Blue Sky Dynamic Macro Strategy

Double diversification delivered

Originally published in the July | August 2016 issue

Blue Sky’s Dynamic Macro (Blue Sky) portfolio is expanding Australia’s footprint on the CTA world map. As of March 2016, the strategy was among the top performing 20 CTAs in the BarclayHedge database, based on its compound annual return of 10.2% for the previous five years. This is particularly significant as BarclayHedge – which Sol Waksman founded 31 years ago – is renowned for the breadth of its CTA coverage, and acts as calculation agent for the Societe Generale Prime Services CTA performance indices.  Blue Sky returns since inception in 2007, in AUD, are shown in Fig.1. The annualised returns of 12.2% are towards the top end of the target of RBA (Reserve Bank of Australia) cash rates +6-10%; the volatility target of 16% implies that anticipated returns work out at a Sharpe ratio of between 0.4 and 0.6; in fact the Sharpe has been 0.67 since inception.

For CTA allocators, the pattern of returns can matter as much, or more, than the level of returns. CTAs are often viewed as portfolio diversifiers whereby their impact on a portfolio Sharpe ratio is more relevant than individual CTAs’ standalone Sharpe ratios. “We are a classic diversifier and a true hedge fund,” states Neil Power, Head of Blue Sky Hedge Funds. Blue Sky has delivered the ‘crisis alpha’ that is so sought after by CTA investors with strong returns in 2008 and 2011, as well as 2014 and early 2016. “Blue Sky has been negatively correlated to equities, has performed as expected during every equity crisis and this is by design,” underscores Power.

Many CTAs have also produced profits during a high proportion of equity bear markets. Blue Sky offers an additional benefit for those investors already conversant with the general benefits of CTAs. Though the Blue Sky strategy did particularly well in the strongest years for most trend following CTAs (2008 and 2014), Blue Sky has also often performed well during tepid periods of CTA performance. As well as diversifying conventional asset class exposures, Blue Sky is lowly correlated with what Power terms ‘brand name CTAs’.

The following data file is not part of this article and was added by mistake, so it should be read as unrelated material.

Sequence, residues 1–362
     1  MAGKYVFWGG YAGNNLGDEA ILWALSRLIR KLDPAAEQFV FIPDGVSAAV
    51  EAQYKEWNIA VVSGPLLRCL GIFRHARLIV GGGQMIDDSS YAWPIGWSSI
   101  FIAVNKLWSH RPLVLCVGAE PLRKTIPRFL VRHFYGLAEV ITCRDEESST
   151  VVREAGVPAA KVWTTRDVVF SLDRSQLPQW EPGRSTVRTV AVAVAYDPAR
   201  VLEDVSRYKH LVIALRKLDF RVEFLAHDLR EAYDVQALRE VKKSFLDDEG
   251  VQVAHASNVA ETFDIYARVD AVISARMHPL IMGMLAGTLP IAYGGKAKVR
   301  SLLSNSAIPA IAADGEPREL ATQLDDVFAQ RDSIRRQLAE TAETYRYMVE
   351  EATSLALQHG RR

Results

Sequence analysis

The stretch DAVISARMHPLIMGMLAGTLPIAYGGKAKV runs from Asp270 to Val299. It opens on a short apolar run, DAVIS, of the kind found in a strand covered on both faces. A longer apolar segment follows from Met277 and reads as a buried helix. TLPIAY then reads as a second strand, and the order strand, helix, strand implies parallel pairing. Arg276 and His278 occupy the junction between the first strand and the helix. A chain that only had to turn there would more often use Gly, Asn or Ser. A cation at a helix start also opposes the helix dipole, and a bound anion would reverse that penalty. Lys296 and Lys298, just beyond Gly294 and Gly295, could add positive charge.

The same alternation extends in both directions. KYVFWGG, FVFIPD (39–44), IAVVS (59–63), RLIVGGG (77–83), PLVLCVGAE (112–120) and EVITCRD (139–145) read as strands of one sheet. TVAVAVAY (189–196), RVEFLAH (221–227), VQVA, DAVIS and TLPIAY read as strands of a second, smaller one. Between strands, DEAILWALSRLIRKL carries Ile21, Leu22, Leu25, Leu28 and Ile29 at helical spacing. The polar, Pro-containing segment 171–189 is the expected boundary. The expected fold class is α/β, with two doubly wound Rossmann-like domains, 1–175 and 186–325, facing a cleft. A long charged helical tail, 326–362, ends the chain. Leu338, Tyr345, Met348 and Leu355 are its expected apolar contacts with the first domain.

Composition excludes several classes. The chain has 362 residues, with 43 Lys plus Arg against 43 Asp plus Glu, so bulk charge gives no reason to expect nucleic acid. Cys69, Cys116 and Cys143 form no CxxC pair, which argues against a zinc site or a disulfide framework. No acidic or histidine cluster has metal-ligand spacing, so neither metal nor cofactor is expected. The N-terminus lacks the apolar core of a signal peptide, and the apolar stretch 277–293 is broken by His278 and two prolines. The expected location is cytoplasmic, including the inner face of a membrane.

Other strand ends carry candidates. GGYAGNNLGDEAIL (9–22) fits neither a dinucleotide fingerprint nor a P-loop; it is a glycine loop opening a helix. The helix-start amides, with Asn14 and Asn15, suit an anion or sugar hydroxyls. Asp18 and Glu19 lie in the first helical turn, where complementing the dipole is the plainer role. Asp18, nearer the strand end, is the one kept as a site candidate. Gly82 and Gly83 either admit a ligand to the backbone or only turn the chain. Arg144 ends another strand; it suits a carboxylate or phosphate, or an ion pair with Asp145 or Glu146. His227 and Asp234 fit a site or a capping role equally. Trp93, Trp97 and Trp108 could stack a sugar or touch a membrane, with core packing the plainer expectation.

Blue Sky has shown correlations of between 0.3 and 0.6 to CTA indices and leading CTAs. As such it offers extra diversification benefits as part of a basket of CTAs added to pools of conventional assets, or hedge funds, or for specialist portfolios comprised purely of CTA and/or macro strategies. We know of a number of funds of funds focusing on tactical trading strategies that are seeking differentiated return profiles from individual holdings.

The diversification mentality permeates Blue Sky’s own portfolio construction. Some CTAs focus mainly, or entirely, on trend following.  Blue Sky has three broad strategies – trend following, mean reversion and risk premium – that are uncorrelated. Under these three umbrellas there are a total of 43 sub-strategies that provide additional diversification advantages. In addition to employing some well-known alpha signals, Blue Sky has developed a suite of proprietary signals, which may add a further dimension of decorrelation.

Dynamic rebalancing vital
Rather than Strategic Asset Allocation (SAA) among asset classes, Blue Sky pursues Strategic Risk Allocation (SRA) among strategies, which tend to be less correlated than are asset classes – particularly in a post 2008 world where Quantitative Easing is widely perceived to have increased correlations between and within asset classes.